David Starkey and Constitutional Reform

[This is an archive of an note written about Question Time on Thursday, 23rd April 2009]

I gained much entertainment from watching David Starkey on Question Time. I had heard that he was quite barking, but I hadn’t quite realised the extent previously. Fabulous powers of speech.

However, I wasn’t as impressed by his analysis of the US system. From a historical perspective, of course, he was unsurprisingly right. The US system was modelled on the structure of the British system of the time.

However, his argument that the US system means that the US legislature operates far more respectfully than Britain’s due to its rather over-zealous separation of powers (sorry, prejudices getting ahead of me there) rather baffles me, because it’s demonstrably not true. Rather amusingly, he sums up his tirade with a cherry on the cake: “constitutional reform. In one word: constitutional reform”.

American legislators are always being derided for “pork-barrel politics”, in the House in particular. In the Senate, the power of the filibuster is most renouned for being used as an obstruction to some of the most essential of reforms in history.

Neither does Starkey’s argument that the US Congress “actually hold[s] the government to account” hold much water after the rather catastrophic failure of it to hold George W. Bush properly to account over the last 8 years. But what is particularly baffling is why he thinks the reason that the British parliament’s ineffectiveness is due to the lack of such a structural sepration of powers.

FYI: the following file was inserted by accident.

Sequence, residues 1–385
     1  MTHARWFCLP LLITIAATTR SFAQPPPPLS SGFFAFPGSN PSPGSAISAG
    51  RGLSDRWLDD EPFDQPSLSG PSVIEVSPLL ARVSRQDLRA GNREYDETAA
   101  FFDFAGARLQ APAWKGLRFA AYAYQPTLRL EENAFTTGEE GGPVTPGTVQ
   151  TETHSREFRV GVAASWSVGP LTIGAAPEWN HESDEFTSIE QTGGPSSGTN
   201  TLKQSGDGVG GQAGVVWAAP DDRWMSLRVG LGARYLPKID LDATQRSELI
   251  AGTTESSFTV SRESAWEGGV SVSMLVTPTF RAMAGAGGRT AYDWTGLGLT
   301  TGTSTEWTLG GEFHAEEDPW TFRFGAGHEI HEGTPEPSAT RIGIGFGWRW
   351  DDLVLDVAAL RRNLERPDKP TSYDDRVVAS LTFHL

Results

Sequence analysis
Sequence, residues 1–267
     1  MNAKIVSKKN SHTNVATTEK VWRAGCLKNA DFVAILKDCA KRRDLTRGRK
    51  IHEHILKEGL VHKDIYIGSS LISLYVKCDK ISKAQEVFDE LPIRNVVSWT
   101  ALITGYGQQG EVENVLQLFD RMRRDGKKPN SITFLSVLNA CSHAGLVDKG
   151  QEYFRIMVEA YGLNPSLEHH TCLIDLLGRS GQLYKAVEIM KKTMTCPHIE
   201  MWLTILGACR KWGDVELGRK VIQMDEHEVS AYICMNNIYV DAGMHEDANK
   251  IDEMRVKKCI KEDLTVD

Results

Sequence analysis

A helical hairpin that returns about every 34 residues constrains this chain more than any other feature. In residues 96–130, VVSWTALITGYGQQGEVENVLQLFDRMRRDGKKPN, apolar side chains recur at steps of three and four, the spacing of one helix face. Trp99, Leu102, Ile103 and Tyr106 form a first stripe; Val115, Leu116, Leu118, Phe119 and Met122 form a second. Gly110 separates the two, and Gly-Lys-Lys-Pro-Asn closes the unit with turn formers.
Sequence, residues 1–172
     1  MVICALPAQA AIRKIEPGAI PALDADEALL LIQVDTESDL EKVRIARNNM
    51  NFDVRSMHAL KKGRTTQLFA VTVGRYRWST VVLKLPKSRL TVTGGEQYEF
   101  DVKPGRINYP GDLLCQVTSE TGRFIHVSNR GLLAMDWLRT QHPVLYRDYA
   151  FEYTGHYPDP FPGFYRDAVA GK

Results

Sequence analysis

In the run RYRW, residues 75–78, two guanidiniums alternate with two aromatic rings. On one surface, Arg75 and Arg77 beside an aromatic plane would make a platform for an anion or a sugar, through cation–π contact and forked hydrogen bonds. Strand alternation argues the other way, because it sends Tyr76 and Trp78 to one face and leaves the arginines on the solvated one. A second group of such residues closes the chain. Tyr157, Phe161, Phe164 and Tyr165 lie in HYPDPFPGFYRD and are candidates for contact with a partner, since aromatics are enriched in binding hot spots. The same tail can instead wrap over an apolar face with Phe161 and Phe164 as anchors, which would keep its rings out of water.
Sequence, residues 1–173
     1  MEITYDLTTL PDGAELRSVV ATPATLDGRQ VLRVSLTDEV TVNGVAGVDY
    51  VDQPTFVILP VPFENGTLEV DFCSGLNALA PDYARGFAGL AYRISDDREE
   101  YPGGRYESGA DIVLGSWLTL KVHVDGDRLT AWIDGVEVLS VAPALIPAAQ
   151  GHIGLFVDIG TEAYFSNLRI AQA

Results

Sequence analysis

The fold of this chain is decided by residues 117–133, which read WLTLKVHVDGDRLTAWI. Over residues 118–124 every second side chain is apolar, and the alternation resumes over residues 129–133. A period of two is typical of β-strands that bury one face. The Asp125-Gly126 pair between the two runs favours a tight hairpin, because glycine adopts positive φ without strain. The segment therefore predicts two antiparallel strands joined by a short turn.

It really has nothing to do with it. In theory, the British system could potentially be a lot better than the US one in holding the government to account, and certainly more flexible. Structurally, Parliament is sovereign, with the Executive subordinate, which means that in the case of fundamental disagreement between the two, such as the voting down of a budget, the sensible thing happens which is that the matter is put to the people, rather than what happened in the USA in 1995, where the federal government just shut down.

Essentially, structurally, the Parliamentary system has the clear advantage, as a Parliament can dismiss an Executive if it deems it unfit for service. Of course, this doesn’t happen, and the reasons are a number of things, mainly separating into two categories, the first being an accumulation of informal powers of influence over the House of Commons (and Lords, for that matter) that the government has generally up its sleeve to retain control, the second arguably being the voting system, which gives it a more fundamental on-going domination.

But really, this has nothing to do with the structural division of powers. Seperation of Powers in the USA results in neither branch being held to account, as much as it results in responsible accountability. It’s a system which divides accountability as much as it strengthens it. It’s a rigid, inflexible system that is also more difficult to reform fluidly over time. All this Starkey passes over for a piece of cheap rhetoric.

But his rhetoric is good, I’ll give it that. And very entertaining.


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